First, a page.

Children’s literature, a takeoff on “Romeo and Juliet” and “Pinocchio” and a work on Spartacus, the rebel against imperial Rome, set against the February 1986 People Power Revolution. This sums up “From Page to Stage,” Ballet Manila’s (BM) 20th performance season.
The repertoire was announced at a recent press conference at Aliw Theater, Pasay City by Lisa Macuja, BM artistic director. The season’s opener is “Tatlong Kuwento ni Lola Basyang’’ (Aug. 21-23, 28-30 8 p.m., with 3 p.m. matinees on Sundays).
The season’s choreographers are Osias Barroso, London- based Martin Lawrance, Macuja and Tony Fabella, with music arranged by Mon Faustino, based on compositions by various national artists; Joey Ayala and Ryan Cayabyab.
In a chat with media after the press launch, Macuja said Ballet Manila “is building a repertoire that is not just in-house but has to be a mix, an international series. This is the rationale for the choreography.”
The prima ballerina is 50, still recovering from four surgeries and said “it’s time to retire, I will only dance roles I am comfortable in. Lola Basyang, Lady Capulet. I let them, our choreographers, do their casting. If they want to cast me, okay.”
Will she do the Wicked Witch?
“Sure,” she replied. “Why not?”
Discussing “Romeo and Juliet,” Macuja observed that American choreographers “tend to be more real, more down-to-earth, yes, more passionate. There’s more kissing! There’s a simplicity of style, nonstop action (in “Romeo and Juliet”). There will be a fencing instructor, we always have.”
When it comes to choreography, she noted “I’m still feeling my way but I enjoy coordination with choreographers. Nakakatakot (scary) i-choreograph for the company. I plan to choreograph classical; contemporary choreography not in my comfort zone. Modern dancing is completely different. I stuck to classical dancing, that’s why I had a long career.”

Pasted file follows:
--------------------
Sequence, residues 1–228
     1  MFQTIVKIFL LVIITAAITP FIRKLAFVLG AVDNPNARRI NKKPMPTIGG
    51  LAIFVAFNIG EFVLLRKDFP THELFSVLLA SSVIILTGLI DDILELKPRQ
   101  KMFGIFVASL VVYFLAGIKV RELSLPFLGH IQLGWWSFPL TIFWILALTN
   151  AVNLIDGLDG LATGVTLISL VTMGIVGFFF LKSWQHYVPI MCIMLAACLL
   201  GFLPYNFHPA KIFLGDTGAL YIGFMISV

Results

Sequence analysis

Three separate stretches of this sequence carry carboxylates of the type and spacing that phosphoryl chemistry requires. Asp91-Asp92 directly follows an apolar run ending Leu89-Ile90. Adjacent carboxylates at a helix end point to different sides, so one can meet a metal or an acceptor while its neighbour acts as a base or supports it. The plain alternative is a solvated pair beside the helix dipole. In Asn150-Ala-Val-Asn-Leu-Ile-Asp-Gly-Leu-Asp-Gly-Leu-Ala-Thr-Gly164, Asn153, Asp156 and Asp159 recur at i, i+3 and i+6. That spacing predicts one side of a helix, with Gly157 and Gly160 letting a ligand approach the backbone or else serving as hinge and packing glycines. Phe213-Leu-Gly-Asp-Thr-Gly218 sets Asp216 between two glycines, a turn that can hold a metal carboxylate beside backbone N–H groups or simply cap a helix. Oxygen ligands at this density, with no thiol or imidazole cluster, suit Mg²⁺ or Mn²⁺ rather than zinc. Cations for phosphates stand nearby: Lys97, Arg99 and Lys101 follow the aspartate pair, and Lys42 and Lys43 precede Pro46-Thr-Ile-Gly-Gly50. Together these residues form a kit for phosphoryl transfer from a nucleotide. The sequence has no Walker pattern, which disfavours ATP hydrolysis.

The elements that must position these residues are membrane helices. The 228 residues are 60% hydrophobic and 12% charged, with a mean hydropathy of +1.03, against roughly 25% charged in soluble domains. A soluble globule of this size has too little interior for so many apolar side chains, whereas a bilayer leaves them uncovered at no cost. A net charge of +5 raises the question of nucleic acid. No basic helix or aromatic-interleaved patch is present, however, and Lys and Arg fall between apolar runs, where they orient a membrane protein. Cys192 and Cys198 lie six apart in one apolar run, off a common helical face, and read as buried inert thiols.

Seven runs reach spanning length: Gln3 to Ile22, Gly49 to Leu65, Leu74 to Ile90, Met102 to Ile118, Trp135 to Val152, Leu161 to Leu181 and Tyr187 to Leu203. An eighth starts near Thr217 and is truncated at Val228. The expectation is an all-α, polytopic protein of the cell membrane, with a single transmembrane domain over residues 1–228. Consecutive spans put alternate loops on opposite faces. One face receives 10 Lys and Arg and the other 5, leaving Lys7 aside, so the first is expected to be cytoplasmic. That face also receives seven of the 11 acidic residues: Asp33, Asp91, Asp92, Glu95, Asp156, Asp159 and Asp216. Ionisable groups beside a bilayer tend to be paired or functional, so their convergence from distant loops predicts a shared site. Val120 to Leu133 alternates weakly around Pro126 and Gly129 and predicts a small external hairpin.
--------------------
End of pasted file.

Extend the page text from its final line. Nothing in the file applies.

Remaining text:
She added: “It’s hard to completely change my attack. My training for the past 30 years has always been classical. It’s stimulating to pass on what I have learned. Sometimes it hurts when I see younger dancers doing my favorite roles but, you know, we all have to move on.”
“Modern dancing is heavy,” Macuja concluded. “You fall on your knees while in classical dancing you are light, regal—even when you’re dying!”
Paul Vasterling’s “Romeo and Juliet” (Oct. 2-4) is loosely based on the Bernstein-Sondheim musical “West Side Story” and the celebrated Zeffirelli film version, with music by Prokofiev. The Manila Symphony Orchestra accompanies under the baton of Alexander Vikulov.
“Pinocchio” by Barroso will be performed on Nov. 27-29.
In “Rebel,” (Feb. 19-21 and 26-28), choreographerLawrance coordinates with librettist Floy Quintos and Gerard Salonga, music director of ABS-CBN Philharmonic Orchestra. The themes, appropriately, are bravery and the struggle for freedom.
The BM season closes with Alan Hineline’s “Hansel & Gretel,” the children’s classic (Jan. 29-31, 2016) and the 1st Annual Ballet Manila Choreography Competition (March 19). Call 6325527502